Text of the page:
Post-internet was a term used last year for a random exhibition of artists using the internet as their studio, their canvas, their playground. I think it took place in East London, though I do not remember the specifics, or maybe I never even knew. The term stuck like fresh chewing gum on a brand new pair of plimsols, and it does not seem to be going anywhere anytime soon. Post-internet came to signify all that is new in contemporary art today. It is the art that will replace the art that is no longer contemporary, it is the art that will survive the eternal postmodern present we have been drifting through for a while now. No tomorrow, no new, no yesterday, every piece of information seems to only exist in our perfect present, but perhaps the post-internet clique can begin to suggest tomorrows that are not related to new or to time, tomorrows that are strictly mental. Copyright free 18th century engravings, and ads for mobile phones, and last weeks' new architectural project all of which seem to simultaneously inhabit the eternal present that is the internet. The art in question tries to define ways to deal with this, in a funny and melancholic and ironic and even honest way. And where to look for colour if not in art? Branding and capitalism in general of course, but this art is born out of that anyway, it is indigenous to the landscape of financial abstraction. 

Looking at Post-internet art, in the work of people like Travess Smalley, Angelo Plessas, Rafael Rozendaal, Lucky PDF and Bubblebyte, even Amalia Ulman or Georges Jacotey, I see a blur of colours, a rainbow haze of pearly tones (Smalley, PDF, Bubblebyte), and crash of unintelligible patterns combined with the strictness of total black and white (Plessas), I see gradients of mauve to jello pink and grassy vector greens (Rozendaal). I see harsh advertisement tones in the work of Katja Novitskova, and apple-friendly abstractions in JunkJet magazine, I see more “realistic” harshness in DIS Magazine. Those are the colours of corporate seduction and radical resistance, of soothing advertisements and propaganda posters, all mixed into one eternal colour-saturated rainbow of the screen.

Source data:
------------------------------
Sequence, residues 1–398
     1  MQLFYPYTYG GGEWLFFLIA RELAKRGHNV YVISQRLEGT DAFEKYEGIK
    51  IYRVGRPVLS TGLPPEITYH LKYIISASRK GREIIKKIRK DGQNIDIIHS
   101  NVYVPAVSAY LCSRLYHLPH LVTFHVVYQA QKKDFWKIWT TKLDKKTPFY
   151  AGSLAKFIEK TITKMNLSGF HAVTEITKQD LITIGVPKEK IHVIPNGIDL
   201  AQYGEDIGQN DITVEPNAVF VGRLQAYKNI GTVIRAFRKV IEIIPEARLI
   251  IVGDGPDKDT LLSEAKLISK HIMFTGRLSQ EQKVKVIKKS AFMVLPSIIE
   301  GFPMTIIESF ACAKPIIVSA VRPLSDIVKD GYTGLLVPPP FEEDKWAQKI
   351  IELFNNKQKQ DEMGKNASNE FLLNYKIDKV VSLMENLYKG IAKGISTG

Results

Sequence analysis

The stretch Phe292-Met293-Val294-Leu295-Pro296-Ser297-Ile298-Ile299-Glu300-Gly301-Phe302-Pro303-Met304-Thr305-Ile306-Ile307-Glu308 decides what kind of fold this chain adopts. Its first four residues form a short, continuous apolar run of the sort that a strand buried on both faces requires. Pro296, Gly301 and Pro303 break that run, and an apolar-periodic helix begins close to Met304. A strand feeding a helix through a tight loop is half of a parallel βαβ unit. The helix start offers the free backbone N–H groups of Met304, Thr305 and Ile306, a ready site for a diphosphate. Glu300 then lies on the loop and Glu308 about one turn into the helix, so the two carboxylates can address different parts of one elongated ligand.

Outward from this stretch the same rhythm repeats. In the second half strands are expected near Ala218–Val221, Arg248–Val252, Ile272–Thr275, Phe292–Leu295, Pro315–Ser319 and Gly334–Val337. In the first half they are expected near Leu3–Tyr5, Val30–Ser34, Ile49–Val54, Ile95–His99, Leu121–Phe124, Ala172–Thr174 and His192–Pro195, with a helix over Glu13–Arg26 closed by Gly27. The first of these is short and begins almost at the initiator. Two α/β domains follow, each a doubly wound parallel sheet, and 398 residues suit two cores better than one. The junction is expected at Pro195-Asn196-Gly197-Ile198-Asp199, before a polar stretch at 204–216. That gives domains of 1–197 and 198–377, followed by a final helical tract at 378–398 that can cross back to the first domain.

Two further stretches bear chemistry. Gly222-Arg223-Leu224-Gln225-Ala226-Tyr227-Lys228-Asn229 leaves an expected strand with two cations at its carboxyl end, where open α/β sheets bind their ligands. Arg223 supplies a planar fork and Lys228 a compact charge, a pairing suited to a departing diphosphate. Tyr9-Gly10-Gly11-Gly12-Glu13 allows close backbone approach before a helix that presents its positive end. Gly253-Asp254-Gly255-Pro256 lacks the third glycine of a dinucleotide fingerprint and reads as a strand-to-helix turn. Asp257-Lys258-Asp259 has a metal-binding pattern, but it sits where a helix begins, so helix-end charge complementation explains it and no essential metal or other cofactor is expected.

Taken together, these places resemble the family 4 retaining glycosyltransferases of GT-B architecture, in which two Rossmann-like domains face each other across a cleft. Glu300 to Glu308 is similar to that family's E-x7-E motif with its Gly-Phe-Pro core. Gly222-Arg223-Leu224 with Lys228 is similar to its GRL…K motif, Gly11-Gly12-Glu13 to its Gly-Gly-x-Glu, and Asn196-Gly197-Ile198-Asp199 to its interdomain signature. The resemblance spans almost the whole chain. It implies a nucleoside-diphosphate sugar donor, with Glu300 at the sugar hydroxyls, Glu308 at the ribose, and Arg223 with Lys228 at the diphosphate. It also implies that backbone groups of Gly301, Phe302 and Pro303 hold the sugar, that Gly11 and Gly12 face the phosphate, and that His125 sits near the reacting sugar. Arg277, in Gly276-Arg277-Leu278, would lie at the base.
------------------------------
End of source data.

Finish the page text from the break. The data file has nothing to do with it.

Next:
All these colors tend to exist inside websites based on existing templates, downloaded for free on tumblr or exchanged with a little piece of code. Our private lives on the internet exist inside templates too, think of the facebook timeline, the twitter feed, the gmail layout. Think of your banks user interface, think of CNN or Al Jazeera, think of Alas, template is the colour of the internet.

Exclusively for Saturated Space: A post by Andreas Angelidakis 

Monday, 22 October 2012

The Power of Red

^A Himba woman, Mbapaa, and some of her children, nieces and nephews, standing before her father (Katere)'s homestead. (13 May 2009, Jescapism) source

Exclusively for Saturated Space: Mark Jarzombek, Professor of History and Theory of Architecture, and Associate Dean of the School of Architecture and Planning at MIT, writes for Saturated Space about the vital and potent role earth colours played in the very tangible relationships that First Society peoples cultivated between the spirit world, the afterlife, and the everyday. Please click here, or on the link below for the text...

Thursday, 4 October 2012

Colour and Meaning in the Ancient World

^Detail of the painted Prima Porta statue of Augustus source

Exclusively for Saturated Space: Please click on the link below for an original text written for Saturated Space by Professor Mark Bradley, Associate Professor of Ancient History at the University of Nottingham and author of Colour and Meaning in Ancient Rome. The article delves into the complex and varying relationship between language, culture and colour in different societies, and from different perspectives, from ancient Greece to Umberto Eco, via William Gladstone.

Wednesday, 19 September 2012

Louisa Hutton on the Brandhorst Museum

Exclusively for Saturated Space: Louisa Hutton gives a talk at Saturated Space's 'Science, Perception and Practice' event, taking us through the design and development of Sauerbruch Hutton's seminal piece of Polychromatic Urbanism, the Brandhorst Museum in Munich.

Sunday, 9 September 2012

Dialects of Colour

^Staircase in Le Corbusier's Weißenhof Estate House, Stuttgart

Please click on the link below for a text by Lucy Moroney arguing for a more nuanced approach to the relationship between colour and the perception of space and form. Moroney brings together Wittgenstein's linguistic analyses of colour concepts, with Oliver Sacks' case study of a painter who had become colour blind, and a complex double analysis of one project by Le Corbusier, and one by Jim Stirling, to approach the topic with fresh eyes. Following description by Moroney:

How can colour become a constructor of space? By challenging the notion of colour being more than a simple reduction of tones equating to a psychological reaction. How do we distil the notion of an intangible, dynamic system of physicality and perception? Rather than looking at how light can create colour, perhaps we can view colour as a device to distort and construct.